As an IT software implementor at Quinaptis , we are often faced with multi-application environments. The most common we face is in the design of a decentral SAP EWM to SAP ERP. However, many more applications can be linked (in)directly to these environments.
In such a multi-application environment, it can become complex and time-consuming to keep track of those different interfaces, all with their own toolset and issue resolution.
A monitoring team might provide the perfect solution to this “problem”. Such a team is solely focused on monitoring the different interfaces and assessing/resolving the risks and priorities that might arise.
The consequence is that you get a good overview of your IT system and how healthy it is. This is also important to prevent a system downtime or business flows being blocked which can cause unnecessary expenses or even worse, a lower customer SLA. In other words, you will go from a purely reactive approach to a rather proactive one.
In the next sections, we will highlight some key aspects in forming and sustaining the perfect monitoring team
Key responsibilities of a monitoring team
1. Create an overview of all the different applications and their environments (dev/qas/prd)
2. Extend the overview with a clear mapping of all applications and how they impact one another end-to-end
3. Prioritize interfaces based on input from both business and IT
E.g. An issue in a production interface is more critical than one in a sandbox environment
4. Build a clear schedule when a certain interface flows data so it can be monitored closely
E.g. does the interface receive only a weekly update or rather hourly or even continuous communication
5. Build an ‘issue resolution’ list with key stakeholders to maintain proper & timely communication
6. Decide on which tools and metrics will be used
7. Make sure documentation is received/build on the different interfaces
8. Manage expectations in the sense that all involved stakeholders know what to expect and what not to expect from the team
Roles within the team
Project leader: This person will define the monitoring team’s role in the different interfaces. The business usually contacts the project leader when they have an interface that needs to be monitored.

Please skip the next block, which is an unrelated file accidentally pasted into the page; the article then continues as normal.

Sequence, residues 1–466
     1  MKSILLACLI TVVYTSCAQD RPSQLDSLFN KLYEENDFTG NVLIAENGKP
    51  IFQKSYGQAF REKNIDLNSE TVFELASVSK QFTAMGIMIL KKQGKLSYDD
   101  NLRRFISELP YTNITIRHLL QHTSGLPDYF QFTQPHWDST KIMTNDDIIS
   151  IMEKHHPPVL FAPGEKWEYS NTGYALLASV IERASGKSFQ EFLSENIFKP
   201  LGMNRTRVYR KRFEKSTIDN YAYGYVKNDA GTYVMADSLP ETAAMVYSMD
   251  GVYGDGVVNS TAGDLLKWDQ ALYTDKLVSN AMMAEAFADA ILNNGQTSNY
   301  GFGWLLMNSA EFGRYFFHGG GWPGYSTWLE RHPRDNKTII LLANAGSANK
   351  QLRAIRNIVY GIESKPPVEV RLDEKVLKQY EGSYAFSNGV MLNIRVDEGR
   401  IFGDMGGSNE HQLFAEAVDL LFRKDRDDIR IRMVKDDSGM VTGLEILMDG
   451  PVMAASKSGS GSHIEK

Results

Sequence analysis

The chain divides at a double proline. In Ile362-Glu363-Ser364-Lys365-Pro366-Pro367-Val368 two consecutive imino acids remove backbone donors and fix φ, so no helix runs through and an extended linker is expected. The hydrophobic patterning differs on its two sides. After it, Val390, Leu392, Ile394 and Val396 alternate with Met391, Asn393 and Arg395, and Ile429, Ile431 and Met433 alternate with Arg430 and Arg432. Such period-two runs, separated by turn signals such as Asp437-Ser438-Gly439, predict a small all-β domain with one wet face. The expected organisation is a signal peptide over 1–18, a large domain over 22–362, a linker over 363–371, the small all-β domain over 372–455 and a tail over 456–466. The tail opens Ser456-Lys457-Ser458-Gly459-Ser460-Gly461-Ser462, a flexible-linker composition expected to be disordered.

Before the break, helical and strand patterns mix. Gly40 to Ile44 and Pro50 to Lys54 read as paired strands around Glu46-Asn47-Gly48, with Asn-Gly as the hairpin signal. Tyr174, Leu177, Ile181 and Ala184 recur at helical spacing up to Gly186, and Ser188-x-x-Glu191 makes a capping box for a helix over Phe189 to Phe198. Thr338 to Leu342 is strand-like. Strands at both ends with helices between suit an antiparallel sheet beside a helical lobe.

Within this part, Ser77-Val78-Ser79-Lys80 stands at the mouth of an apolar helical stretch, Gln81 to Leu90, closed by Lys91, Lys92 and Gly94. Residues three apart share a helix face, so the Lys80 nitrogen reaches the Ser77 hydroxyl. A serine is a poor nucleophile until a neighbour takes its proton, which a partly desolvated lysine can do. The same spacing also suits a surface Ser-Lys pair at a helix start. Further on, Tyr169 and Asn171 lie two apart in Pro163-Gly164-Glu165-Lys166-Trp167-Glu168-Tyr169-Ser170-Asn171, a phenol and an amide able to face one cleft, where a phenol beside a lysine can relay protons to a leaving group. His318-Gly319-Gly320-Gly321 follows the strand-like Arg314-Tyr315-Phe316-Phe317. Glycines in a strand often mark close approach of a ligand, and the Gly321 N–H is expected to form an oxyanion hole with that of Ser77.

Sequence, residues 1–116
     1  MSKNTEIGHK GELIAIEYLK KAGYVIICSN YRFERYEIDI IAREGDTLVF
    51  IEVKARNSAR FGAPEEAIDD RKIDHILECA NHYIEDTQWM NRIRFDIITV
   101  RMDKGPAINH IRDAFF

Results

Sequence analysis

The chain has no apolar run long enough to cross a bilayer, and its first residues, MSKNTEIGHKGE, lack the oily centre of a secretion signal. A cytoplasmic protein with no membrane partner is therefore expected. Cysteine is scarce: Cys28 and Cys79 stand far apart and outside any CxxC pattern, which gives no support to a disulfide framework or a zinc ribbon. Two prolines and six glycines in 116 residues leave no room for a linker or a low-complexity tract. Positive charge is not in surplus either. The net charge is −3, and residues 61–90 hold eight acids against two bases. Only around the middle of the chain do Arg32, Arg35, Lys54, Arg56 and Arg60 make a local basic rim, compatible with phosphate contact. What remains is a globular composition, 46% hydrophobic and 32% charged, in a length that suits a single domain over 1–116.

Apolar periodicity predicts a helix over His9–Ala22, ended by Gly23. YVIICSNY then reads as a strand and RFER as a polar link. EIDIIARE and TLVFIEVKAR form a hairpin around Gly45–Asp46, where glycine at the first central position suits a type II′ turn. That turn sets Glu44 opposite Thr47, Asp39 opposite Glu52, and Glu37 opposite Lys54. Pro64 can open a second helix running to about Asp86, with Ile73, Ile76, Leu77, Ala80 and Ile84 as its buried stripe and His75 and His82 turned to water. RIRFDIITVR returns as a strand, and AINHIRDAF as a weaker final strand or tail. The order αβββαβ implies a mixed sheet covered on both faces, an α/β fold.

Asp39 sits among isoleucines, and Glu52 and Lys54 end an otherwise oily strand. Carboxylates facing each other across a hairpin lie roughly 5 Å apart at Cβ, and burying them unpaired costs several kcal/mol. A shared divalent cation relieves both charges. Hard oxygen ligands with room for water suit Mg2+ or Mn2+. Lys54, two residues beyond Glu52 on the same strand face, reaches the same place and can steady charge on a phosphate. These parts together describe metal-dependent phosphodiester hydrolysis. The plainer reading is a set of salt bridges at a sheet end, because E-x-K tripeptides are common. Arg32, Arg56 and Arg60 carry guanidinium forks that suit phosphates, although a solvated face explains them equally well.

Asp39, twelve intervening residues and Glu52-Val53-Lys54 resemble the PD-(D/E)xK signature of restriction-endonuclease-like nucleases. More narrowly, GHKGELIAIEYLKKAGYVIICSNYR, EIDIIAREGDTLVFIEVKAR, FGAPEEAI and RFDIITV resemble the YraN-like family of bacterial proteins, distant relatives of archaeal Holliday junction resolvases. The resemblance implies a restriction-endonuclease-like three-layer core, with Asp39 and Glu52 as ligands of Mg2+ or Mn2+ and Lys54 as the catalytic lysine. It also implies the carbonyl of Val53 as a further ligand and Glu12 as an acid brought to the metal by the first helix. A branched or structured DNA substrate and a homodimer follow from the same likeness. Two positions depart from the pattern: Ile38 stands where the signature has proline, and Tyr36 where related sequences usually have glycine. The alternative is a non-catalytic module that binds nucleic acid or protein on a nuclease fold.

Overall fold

Team leader: Has direct contact with the project leader and usually has more contact with the business. The team leader also provides the other team members with status updates.
Data stewards: This role can be maintained in the team or can be maintained by the business. Most of the time there is a data steward team available and if not this can be included in the monitoring team.
Technical profile: When performing the monitoring tasks you often tumble against some technical issues. In order to avoid unnecessary delays, it is recommended to have a technical profile aboard the team.
Depending on the field you are active in some other profiles might be interesting to have (like SD, MM, PP, FICO,…)
There are different monitoring types, the most common are the following
Application performance monitoring
Monitors how well the systems perform under peak load.
IT Infrastructure performance
A further expansion on the APM, keeps for example an eye on the CPU load of the system.
Business Activity Monitoring
Provides an overview on the processes and transactions which are used in the business.
Depending on the interface, different monitoring tools can be available
Standard SAP tools (non-exhaustive list)
*Queue monitoring via SMQ* transactions
*IDOCs monitoring via WE* transactions
*File monitoring via SXI_MONITOR
*CPI as an intermediate layer between your own and 3rd party application
*Solution Manager for job monitoring, system monitoring, etc..
*SM51 to check application servers and load distribution
*SM50 for load processes
Next to pure monitoring tools, it might be interesting to have a closely linked tool that allows issue logging and documentation.
We can conclude that a monitoring team can have many advantages, not only to solve issues but also to be a step ahead of them and prevent them from happening in the first place.
Monitoring tools are a great way to help the monitoring team achieve its goals. The tools mentioned before are just a few appointed by Gartner, but there are of course a lot more that can be used.